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I am trying to tune up my allegence after switching to small diameter arrows and wa going the easton tuning guide. (I have never done this before) and my bare shafts are hitting above my fletched shafts. the guide says to move the nocking point but I have dailed the rest in either yet. can I just adjust the rest down a hair? What about paper tuning after that too, if I have already adjusted the rest for the bare shafts will I want to move it for paper tuning or is that the logic in moving th nocking point first. Thanks for the help. BG
 

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I'm no expert, but I always paper tune first. It gets you much closer to where you need to be before bare shaft tuning. This is the time to "dial in" the rest as close as possible.
Bare shafts hitting above fletched shafts seems normal, given that they have less drag on them. What's important is how they are striking the target, ie: nock high/low or nock left/right. The point of impact will be different than with fletched arrows. You can always do the "walk up" test too.
I'm fairly sure I'm correct about this, but if not, maybe one of the tuning guru's can chime in here.
 

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BGGooseKiller said:
I am trying to tune up my allegence after switching to small diameter arrows and wa going the easton tuning guide. (I have never done this before) and my bare shafts are hitting above my fletched shafts. the guide says to move the nocking point but I have dailed the rest in either yet. can I just adjust the rest down a hair? What about paper tuning after that too, if I have already adjusted the rest for the bare shafts will I want to move it for paper tuning or is that the logic in moving th nocking point first. Thanks for the help. BG

A good paper tune at 6 and 12 feet is all that is needed, the paper will show if the arrow is flying straight or not, if it is there is nothing you can do to improve it, if not it the arrow will leave a slot in the paper so you know to make an adjustment. Sometimes it is not obvious why the arrow has a "kick" and simple rest/nock adjustments won't get it. Thats were many have gotten frustrated and stopped paper tuning. Just take a systematic approach and eliminate all the possible causes and you'll be able to find and fix and arrow flight problems.

Setup and Tune Procedure
 

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JMHO so don't roast me everyone. Paper tuning is not the answer to all tuning problems. It is only a starting point. If you want to set your rest/center shot perfect--- do walk back tuning. You can do a search on here and find walk back tuning:wink: I creep tune to get my nock set adjustment. To end it all I broadhead tune to get my broadheads to fly like fieldpoints and then sight in and go hunting.:wink: Like I said--- JMHO.:) :darkbeer:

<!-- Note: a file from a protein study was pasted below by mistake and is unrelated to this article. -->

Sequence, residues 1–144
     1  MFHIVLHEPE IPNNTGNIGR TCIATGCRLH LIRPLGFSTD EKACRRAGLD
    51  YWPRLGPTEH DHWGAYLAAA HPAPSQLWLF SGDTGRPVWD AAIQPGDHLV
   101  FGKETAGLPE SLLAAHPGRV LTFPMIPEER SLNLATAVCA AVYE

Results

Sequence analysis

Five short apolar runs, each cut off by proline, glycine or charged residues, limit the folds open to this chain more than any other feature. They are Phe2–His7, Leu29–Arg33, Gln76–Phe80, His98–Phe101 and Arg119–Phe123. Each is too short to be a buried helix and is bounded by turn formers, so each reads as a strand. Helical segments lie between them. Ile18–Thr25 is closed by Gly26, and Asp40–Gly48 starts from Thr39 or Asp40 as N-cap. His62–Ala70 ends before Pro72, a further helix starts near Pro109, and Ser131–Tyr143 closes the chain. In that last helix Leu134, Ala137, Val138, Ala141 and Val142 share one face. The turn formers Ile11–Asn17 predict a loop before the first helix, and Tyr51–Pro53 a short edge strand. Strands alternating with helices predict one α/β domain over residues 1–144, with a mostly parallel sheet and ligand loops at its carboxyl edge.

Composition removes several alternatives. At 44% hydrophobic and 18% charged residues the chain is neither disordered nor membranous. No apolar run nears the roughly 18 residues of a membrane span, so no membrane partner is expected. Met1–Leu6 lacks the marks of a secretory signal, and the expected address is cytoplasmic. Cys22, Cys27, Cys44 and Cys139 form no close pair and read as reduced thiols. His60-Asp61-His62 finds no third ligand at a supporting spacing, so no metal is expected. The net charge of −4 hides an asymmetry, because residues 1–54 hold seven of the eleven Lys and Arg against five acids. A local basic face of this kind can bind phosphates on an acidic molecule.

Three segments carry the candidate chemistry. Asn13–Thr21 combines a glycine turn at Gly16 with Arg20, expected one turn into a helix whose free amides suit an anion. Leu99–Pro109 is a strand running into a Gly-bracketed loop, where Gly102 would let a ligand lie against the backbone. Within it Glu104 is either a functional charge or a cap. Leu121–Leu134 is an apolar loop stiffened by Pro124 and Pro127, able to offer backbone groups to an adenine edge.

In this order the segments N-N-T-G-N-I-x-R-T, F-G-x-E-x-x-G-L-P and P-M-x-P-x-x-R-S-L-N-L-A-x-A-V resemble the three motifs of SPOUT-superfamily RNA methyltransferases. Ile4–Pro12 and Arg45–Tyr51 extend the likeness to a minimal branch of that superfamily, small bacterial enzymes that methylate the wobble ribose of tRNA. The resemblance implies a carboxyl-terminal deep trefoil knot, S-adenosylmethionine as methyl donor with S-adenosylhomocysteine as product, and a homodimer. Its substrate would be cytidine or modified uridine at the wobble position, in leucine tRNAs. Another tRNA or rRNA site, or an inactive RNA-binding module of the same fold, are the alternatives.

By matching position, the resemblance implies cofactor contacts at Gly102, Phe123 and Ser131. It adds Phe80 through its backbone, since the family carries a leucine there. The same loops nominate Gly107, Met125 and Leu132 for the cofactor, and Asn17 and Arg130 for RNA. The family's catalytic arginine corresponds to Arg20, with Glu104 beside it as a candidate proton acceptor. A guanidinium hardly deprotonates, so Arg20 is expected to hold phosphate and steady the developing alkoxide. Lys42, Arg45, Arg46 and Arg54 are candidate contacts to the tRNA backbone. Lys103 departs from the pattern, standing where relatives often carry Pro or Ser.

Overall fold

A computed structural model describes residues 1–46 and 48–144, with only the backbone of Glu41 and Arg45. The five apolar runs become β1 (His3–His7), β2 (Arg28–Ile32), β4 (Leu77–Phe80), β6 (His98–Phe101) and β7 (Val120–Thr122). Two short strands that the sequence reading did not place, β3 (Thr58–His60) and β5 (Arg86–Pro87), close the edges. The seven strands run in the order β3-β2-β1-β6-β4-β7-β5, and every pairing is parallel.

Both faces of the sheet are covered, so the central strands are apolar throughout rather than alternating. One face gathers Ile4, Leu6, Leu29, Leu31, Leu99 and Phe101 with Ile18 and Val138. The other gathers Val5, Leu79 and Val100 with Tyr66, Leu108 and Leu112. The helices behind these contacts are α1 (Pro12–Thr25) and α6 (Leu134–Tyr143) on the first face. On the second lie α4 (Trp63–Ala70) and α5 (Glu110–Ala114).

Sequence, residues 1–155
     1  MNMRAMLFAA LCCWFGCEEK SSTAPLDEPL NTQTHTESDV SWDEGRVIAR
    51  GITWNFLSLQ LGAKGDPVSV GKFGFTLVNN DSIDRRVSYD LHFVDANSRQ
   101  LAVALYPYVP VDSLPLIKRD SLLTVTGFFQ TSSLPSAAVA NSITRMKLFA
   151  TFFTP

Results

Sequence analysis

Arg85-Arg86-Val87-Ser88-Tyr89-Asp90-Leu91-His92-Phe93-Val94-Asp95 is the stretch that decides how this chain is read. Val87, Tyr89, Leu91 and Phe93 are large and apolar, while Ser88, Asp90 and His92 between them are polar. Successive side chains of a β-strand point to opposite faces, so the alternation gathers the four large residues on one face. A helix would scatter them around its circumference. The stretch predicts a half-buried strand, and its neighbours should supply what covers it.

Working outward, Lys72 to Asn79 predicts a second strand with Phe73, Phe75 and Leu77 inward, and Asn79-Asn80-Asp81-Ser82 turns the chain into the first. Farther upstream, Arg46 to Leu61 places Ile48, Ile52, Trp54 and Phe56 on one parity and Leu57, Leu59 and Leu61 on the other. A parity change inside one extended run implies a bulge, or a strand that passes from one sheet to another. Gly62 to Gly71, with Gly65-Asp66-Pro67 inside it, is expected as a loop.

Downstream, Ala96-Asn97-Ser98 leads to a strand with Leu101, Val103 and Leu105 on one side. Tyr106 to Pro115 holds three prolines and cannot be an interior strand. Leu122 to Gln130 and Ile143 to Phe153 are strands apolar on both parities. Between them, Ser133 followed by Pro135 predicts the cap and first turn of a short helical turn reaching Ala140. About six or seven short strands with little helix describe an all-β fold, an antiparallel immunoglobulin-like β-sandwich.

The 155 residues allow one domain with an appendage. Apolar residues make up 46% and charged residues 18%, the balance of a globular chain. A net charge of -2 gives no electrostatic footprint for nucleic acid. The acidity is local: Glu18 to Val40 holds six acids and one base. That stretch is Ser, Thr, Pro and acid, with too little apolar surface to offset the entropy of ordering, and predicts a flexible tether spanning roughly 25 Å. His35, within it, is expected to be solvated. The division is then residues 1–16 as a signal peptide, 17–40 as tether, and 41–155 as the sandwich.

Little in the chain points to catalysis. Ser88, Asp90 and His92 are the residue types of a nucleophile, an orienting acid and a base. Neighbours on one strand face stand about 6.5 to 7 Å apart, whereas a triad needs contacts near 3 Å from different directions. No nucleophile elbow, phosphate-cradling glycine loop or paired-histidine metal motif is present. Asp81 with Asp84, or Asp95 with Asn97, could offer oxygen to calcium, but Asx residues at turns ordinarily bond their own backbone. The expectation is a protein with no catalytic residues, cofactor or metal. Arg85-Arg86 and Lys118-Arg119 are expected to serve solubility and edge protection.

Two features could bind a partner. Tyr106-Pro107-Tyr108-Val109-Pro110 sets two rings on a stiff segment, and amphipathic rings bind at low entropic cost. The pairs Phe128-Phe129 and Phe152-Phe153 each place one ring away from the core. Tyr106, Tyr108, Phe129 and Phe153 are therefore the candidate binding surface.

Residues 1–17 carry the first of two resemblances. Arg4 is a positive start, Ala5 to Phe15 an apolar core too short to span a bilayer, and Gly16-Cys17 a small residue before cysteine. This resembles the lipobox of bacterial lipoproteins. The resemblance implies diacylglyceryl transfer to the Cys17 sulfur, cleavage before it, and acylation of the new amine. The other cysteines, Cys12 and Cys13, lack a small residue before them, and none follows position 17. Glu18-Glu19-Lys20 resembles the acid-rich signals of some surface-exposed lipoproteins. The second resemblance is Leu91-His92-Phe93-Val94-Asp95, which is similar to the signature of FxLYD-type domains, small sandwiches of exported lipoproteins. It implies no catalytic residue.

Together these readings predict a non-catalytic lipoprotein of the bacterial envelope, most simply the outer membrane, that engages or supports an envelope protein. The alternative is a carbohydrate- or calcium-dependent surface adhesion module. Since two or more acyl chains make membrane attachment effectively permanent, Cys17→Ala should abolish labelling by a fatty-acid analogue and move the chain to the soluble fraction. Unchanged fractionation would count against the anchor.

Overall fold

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BGGooseKiller said:
So is it safe to assume my nocking point is ok and just go right to paper.
Actually its not safe to assume anything. I'm not trying to be funny or insulting so please forgive me.:wink: Anyway, on your question about moving the rest. Yes you can move your rest and get the same results as moving your nock. The starting point for your rest/arrow is approx centered on the berger hole. Thats only a starting point and as long as you have vane clearance lower is ok. I try not to go higher because the berger hole is approx 2' higher than center of your shooting string. If your center shot is perfect it will be on line at 10,20,30,40,50,60, yds and beyond. Alot of times paper tuning does not get your center shot perfect and you'll end up hitting X's at 10 yds and off to one side or the other at farther distances back. Thats why I much perfer walk back tuning to get the center shot set.

My system is to shoot a bare shaft at 10 yds and adjust rest and nock until it flies straight. After this it is what I call Micro tune, because the adjusments are very very small. Think about it---- if you're adjusting something to move the strike of an arrow 1 inch at 50yds away. Its a very small adjusment. Most people make to big of adjusments and end up going back and forth or just getting pissed and quit. :wink: I then walk back tune to make sure of the center shot. I then broadhead tune. Sight in and go hunting. Works for me. :wink: There are numerous ways to get your bare shaft to shoot straight at 10 yds. You may have to adjust lbs of draw weight, change weight points, change arrows, add wraps, adjust rest, adjust nocking point etc. etc. Follow the tuning guide on that and you won't go wrong. Hope I've helped a little and not screwed up you mind.:) :darkbeer:
 
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